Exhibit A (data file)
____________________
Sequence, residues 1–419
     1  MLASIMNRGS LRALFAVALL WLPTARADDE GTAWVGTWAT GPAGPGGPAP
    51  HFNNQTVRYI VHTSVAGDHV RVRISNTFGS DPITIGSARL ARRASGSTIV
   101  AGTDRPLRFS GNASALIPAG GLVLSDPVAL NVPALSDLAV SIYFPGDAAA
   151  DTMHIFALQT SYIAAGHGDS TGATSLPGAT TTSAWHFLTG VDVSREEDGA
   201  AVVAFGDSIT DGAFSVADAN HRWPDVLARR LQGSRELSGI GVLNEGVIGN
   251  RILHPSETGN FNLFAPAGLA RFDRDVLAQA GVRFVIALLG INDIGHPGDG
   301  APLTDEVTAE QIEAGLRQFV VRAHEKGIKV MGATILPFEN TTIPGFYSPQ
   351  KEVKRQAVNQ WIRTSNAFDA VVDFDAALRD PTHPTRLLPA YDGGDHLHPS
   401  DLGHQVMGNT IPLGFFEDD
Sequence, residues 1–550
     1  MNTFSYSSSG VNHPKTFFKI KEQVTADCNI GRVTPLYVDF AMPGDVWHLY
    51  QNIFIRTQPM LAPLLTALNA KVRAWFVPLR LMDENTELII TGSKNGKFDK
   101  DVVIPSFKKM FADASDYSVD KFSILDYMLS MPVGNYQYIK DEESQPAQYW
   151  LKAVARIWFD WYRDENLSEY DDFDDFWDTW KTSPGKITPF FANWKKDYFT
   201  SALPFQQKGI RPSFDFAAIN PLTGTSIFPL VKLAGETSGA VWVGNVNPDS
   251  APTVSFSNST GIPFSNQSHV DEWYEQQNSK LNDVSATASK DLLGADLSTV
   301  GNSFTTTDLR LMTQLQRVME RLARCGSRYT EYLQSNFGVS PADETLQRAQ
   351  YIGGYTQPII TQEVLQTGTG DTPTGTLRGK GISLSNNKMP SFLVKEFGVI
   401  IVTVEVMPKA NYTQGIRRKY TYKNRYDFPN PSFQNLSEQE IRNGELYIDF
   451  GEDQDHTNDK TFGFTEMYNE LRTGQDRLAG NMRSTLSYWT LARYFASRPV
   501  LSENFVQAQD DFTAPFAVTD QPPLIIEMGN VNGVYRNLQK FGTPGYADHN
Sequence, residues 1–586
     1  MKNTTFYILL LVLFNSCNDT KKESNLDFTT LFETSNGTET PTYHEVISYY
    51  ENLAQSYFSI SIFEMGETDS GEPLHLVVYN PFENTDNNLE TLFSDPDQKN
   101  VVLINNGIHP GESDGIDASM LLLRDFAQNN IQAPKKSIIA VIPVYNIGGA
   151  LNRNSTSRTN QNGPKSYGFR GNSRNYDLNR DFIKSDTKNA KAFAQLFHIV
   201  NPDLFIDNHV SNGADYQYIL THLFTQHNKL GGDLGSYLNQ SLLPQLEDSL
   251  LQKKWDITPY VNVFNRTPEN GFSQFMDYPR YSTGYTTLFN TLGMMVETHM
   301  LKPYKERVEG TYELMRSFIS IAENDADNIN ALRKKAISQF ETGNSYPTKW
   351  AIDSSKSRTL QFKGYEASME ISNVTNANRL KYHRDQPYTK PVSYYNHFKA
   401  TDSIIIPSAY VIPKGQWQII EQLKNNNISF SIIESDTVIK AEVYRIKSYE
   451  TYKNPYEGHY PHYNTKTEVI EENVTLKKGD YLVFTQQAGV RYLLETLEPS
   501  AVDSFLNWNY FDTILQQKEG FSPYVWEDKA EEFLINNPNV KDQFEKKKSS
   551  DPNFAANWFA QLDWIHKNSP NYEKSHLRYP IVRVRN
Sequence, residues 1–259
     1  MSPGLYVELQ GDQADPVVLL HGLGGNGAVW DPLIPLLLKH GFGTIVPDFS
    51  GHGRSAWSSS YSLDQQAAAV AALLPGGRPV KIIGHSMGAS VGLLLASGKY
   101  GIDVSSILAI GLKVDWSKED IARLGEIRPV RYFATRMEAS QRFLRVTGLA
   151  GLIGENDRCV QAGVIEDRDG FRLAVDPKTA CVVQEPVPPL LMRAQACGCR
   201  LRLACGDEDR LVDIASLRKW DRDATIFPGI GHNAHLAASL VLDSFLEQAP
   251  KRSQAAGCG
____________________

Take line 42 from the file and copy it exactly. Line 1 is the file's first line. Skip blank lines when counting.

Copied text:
   251  KRSQAAGCG